BP pays divdend despite $4.9bn loss
- 1 February 2011
BP is resuming paying a dividend to shareholders sweetening the news that it has posted a $4.9bn (£3.1bn) loss for 2010 reported here on Bloomberg . It is the company's first loss since 1992.
Shares fell slightly in early trading. Analysts had been hoping for better quarterly figures with profits of $4.36bn missing expectations of $4.99bn. The firm also added $1bn to the expected $40bn total cost of the Gulf of Mexico oil spill.
The firm is selling three US refineries as part of plans to slim down the company with chief executive Bob Dudley saying: "The BP of the future will be a smaller BP. But it will also be a safer BP, a more agile BP and a stronger BP."
The dividend which is to be paid for the last three months of 2010, was suspended in June which means investors missed out on a dividend in the first three quarters of last year.
BP recently announced an $8bn share swap with OAO Rosneft giving it access to potential Russian Arctic oil reserves but it is facing a challenge from its current Russian partners in its TNK-BP joint venture.
This group, which is seeking an injunction against the deal in the courts, has blocked the payment of the joint venture's $1.8bn dividend.
The overall dividend will be 7 cents a share or 4.36p, half the pre oil spill level of 14 cents or 8.72p.
The Guardian notes the importance of the dividend to UK investors here .
Prior to the crisis, BP was an important share in funds and portfolios set up to pay an income to UK investors particularly pensioners.
The Guardian comment boards are cynical about the move.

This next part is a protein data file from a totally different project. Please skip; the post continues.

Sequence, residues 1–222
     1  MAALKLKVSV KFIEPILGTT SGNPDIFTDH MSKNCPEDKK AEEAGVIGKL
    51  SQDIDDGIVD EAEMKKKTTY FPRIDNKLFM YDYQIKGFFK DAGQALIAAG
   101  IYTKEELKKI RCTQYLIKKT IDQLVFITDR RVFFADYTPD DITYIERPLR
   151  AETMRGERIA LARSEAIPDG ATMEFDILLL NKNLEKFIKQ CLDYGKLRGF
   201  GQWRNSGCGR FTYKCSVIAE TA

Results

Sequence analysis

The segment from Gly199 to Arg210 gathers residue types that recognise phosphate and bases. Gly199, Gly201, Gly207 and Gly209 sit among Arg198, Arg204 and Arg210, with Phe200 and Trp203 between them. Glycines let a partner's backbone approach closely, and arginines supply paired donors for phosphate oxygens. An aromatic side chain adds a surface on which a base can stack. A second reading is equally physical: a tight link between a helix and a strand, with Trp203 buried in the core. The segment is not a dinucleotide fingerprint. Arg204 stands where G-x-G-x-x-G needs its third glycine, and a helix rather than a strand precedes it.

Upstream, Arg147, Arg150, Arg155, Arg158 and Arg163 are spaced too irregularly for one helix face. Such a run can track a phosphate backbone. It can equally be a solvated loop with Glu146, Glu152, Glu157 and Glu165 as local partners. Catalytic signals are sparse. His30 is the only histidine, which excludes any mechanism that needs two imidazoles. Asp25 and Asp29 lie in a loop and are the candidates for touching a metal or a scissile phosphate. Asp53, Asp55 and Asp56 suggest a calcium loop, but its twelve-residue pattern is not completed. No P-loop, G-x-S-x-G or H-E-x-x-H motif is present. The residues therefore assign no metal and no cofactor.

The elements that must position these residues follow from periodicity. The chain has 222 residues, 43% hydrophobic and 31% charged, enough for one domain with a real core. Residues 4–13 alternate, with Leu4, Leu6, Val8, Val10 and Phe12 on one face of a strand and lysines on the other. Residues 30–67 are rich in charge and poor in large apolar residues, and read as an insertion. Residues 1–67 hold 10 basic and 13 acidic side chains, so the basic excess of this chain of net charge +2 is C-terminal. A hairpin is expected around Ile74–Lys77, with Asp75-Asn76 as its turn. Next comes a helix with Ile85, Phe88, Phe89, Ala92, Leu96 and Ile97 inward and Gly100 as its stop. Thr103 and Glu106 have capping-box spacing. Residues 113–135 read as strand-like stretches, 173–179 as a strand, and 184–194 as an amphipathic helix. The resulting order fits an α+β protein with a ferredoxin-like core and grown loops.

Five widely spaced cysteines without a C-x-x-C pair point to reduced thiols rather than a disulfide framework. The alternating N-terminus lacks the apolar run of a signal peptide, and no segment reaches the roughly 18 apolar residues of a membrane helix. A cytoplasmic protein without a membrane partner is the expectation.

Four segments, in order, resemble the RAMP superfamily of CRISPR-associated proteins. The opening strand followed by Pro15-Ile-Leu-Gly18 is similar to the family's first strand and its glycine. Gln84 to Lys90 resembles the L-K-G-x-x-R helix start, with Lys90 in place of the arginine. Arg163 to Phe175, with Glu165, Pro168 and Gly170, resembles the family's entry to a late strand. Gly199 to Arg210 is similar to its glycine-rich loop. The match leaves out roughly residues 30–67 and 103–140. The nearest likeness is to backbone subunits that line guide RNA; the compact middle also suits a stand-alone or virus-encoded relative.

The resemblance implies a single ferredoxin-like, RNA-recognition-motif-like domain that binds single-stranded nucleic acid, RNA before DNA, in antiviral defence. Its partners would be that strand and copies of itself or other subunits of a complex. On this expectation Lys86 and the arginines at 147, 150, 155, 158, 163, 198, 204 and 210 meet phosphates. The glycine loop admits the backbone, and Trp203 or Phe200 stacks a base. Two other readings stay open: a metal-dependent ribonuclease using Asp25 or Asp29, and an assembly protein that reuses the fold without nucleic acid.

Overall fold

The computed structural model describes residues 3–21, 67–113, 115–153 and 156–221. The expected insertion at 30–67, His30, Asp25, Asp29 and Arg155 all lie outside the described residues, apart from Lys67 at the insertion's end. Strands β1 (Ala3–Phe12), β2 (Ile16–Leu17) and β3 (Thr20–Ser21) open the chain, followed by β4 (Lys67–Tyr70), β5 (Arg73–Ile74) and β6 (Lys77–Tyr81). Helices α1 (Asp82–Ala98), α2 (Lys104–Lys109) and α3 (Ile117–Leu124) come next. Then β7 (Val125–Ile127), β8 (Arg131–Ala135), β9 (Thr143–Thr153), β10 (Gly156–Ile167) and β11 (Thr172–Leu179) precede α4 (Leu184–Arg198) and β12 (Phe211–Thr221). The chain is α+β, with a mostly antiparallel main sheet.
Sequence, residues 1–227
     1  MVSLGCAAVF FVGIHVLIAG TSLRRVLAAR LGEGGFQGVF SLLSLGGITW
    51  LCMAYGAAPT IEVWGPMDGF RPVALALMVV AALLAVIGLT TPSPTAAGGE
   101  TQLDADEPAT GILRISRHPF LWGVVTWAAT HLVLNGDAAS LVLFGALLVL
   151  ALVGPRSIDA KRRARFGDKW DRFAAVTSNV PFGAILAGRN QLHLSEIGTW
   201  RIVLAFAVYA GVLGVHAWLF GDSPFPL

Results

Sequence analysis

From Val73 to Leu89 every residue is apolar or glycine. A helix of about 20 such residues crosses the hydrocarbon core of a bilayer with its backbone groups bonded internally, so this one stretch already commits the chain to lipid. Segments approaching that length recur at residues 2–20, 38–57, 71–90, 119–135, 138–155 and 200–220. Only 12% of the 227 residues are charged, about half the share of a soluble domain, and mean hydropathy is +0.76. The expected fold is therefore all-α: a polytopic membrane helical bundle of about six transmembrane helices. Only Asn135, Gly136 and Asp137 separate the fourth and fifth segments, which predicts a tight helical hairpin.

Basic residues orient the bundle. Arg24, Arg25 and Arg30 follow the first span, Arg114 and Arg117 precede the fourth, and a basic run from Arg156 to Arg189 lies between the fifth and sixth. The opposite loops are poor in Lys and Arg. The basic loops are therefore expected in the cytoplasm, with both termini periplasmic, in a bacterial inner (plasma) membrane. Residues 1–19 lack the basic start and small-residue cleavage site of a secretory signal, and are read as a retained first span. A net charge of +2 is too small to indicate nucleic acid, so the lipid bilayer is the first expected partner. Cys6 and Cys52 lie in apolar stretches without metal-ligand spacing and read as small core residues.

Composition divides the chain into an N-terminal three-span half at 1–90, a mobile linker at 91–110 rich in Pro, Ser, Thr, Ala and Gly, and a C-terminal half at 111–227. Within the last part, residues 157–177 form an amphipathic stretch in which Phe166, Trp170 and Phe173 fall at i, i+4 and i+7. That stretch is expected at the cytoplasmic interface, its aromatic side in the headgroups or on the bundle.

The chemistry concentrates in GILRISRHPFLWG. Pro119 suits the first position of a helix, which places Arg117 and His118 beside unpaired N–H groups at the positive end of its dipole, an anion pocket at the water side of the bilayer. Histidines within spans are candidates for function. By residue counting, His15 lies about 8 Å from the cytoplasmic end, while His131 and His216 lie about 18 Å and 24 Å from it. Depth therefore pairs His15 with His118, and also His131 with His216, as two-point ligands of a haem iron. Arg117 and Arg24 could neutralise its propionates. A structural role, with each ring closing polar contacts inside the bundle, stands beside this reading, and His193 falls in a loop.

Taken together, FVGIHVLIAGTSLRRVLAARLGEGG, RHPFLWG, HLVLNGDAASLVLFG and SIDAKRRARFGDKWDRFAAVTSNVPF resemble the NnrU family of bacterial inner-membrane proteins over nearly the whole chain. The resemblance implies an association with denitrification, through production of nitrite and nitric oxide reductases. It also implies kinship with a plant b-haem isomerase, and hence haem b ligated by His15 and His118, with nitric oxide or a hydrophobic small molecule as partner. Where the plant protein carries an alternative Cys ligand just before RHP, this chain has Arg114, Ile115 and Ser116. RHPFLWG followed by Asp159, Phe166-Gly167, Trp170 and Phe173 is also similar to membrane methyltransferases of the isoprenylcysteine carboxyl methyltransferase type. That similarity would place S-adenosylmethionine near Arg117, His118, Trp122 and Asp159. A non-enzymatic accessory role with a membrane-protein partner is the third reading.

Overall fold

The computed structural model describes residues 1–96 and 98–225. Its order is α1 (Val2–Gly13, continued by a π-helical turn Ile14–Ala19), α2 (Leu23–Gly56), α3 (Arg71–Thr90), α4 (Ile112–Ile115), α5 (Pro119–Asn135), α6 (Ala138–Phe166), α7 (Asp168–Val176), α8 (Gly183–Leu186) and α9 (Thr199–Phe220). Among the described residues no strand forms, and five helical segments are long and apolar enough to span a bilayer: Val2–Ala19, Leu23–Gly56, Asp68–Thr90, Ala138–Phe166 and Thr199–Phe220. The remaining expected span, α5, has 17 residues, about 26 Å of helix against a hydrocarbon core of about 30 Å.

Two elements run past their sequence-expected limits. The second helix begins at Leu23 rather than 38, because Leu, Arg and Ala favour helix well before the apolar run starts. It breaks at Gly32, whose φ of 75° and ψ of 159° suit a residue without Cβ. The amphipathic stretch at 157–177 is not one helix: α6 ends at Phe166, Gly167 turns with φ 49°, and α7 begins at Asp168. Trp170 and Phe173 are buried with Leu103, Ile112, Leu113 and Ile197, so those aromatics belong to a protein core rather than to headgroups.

SchwarzeSchafe writes: "Ah, as long as shareholders get their dividends, it's all fine then. Now please Wikipedia fellows, Business and Economics professors, you need to re-write your definition of a Dividend, from the now-outdated "portion of corporate profits paid out to stockholders" to the more current reality of "sum paid to shareholders under any circumstance, regardless of the company's profitability, at the expense of employees, the States and other stakeholders."
SEE ALSO: Brighter future for UK equity income .
To recieve our free weekly email sign up here.
- UK monetary policy is expansionary for banks and housing but what about exporters?
- Possible flight disruption from Icelandic eruption - travellers warned to check their insurance policies for exclusions
- Douglas Carswell defects to UKIP
- Woodford sells out of HSBC due to "fine risk"
- Scottish independence - all others risks pale besides the currency risk
- Consumers miss out on huge savings by sticking with same providers
- Half of homeowners would struggle with 1% rate rise
- The current difficulties and dangers faced by investors seeking income
- Surgeons are the most accident-prone drivers
- UK equity funds prove popular with investors